Tuesday, June 26, 2018

Some of the best obits are about people who should've been known

Harrison Smith, one of the top obituary writers in the U.S. and a SPOW member, appeared on the Remembering the Passed podcast this week to discuss his obit of Ted Dabney.

Dabney, who died on May 26 at the age of 81, was a largely self-taught electrical engineer and the co-founder of Atari, Inc. He developed the basics of video circuitry principles that were used for Pong, one of the first and most successful arcade games, but until about a decade ago, Dabney's achievements in the world of video gaming were largely overlooked.

Click here to read Smith's wonderful obituary of Dabney, then check out the discussion of his life below:

Tuesday, June 12, 2018

LISTEN: Remembering the passed

Cory Franklin was the director of Medical Intensive Care at Cook County (Ill.) Hospital for 25 years. Since retiring, he's contributed articles to the Chicago Tribune, The New York Times, The New York Post, The Washington Post and The Chicago Sun-Times. Franklin is also the host of the podcast, Remembering the Passed, which discusses the role of notable people who have died recently on our history, society or culture. Here are the latest episodes:

Friday, June 08, 2018

The art of obituary writing

How does a journalist sum up in one story the impact of a lifetime?

Well, for Chicago Sun-Times obituary writer Maureen O'Donnell and columnist/obituary writer Neil Steinberg, it involves connecting the dots between past and present.

"This history is all around us, and it connects everyone," O'Donnell said. "It connects us to the past. It connects us to survival, it connects us to creativity, inspiration."

Watch their full interview below:

Wednesday, June 06, 2018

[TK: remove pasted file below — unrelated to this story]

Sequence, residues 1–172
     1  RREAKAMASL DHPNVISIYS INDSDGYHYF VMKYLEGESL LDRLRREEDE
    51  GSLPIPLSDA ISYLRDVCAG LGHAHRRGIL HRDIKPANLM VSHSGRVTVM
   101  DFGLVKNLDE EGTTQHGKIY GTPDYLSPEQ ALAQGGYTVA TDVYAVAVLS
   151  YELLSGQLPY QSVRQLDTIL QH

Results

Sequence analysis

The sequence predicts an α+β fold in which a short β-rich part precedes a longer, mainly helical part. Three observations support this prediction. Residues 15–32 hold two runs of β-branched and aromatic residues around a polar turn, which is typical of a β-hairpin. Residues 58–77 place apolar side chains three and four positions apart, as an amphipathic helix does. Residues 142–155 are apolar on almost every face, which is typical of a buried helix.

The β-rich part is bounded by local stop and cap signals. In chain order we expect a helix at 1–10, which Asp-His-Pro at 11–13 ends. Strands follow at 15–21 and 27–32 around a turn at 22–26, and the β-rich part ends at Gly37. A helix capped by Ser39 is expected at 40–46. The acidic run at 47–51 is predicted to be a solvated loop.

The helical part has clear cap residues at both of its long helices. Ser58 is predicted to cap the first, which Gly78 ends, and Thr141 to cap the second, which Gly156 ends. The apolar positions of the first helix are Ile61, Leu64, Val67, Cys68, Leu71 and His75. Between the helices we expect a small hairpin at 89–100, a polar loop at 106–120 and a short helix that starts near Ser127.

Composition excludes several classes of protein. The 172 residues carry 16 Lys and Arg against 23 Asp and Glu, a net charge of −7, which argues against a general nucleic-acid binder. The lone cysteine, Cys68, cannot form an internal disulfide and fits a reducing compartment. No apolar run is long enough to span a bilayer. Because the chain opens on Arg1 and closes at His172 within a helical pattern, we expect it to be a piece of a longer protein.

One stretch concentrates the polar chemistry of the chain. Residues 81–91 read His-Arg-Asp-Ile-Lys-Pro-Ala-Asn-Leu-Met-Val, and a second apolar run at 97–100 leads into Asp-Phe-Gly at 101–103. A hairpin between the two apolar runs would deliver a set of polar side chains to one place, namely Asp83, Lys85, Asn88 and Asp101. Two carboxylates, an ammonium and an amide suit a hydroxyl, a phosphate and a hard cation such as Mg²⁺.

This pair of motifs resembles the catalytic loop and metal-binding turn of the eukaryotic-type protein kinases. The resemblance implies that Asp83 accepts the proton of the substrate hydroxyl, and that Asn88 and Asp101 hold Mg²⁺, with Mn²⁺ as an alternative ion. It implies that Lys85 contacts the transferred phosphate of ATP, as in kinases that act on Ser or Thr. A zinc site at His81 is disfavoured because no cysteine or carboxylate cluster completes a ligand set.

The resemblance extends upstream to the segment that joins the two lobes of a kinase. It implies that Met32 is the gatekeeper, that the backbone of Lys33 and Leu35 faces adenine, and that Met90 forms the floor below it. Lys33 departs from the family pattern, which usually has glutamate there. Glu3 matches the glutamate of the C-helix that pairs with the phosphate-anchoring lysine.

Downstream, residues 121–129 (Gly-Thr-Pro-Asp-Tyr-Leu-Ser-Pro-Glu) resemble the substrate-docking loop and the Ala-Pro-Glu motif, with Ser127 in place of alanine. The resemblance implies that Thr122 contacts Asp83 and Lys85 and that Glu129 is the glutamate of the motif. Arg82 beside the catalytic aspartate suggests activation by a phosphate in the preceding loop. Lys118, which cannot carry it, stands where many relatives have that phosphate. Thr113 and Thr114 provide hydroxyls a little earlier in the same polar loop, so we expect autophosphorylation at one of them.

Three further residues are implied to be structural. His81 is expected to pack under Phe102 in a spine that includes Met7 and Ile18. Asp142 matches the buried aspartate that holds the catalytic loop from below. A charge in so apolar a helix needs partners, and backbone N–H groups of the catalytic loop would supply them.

Quote of the week

"It is not our intent to honor the dead; we leave the tributes to the eulogists. We seek only to report deaths and to sum up lives, illuminating why, in our judgment, those lives were significant. The justification for the obituary is in the story it tells." --William McDonald

Sunday, June 03, 2018

A change in leadership

I'm thrilled to announce that The Society of Professional Obituary Writers has a new leader. Adam Bernstein, obituary editor for The Washington Post, was nominated for the position and has kindly accepted the responsibility.

Bernstein has spent his career putting the "post" in The Washington Post, first as an obituary writer and then as editor. The American Society of Newspaper Editors recognized Bernstein’s ability to exhume “the small details and anecdotes that get at the essence of the person” and to write stories that are “complex yet stylish.” He is featured in Marilyn Johnson’s book about the obit-writing craft, “The Dead Beat.”

Among the obituaries Bernstein has written, his favorites are those of Edward von Kloberg III, the lobbyist for dictators and despots who embraced the slogan “shame is for sissies”; and the filmmaker Billy Wilder, who wooed his future wife with the line, “I’d worship the ground you walked on, if only you lived in a better neighborhood.”

Perhaps wisely, Bernstein never tried to top Wilder when wooing his own future wife, Pulitzer Prize-winning investigative journalist Marina Walker Guevara. They have two children, Santiago and Mia.

As the fourth president of SPOW, Adam has seen wonderful examples of leadership. Alana Baranick, Andrew Meacham and Maureen O'Donnell all put their own stamp on the society and helped it to flourish. I have no doubt that Bernstein will lead us well.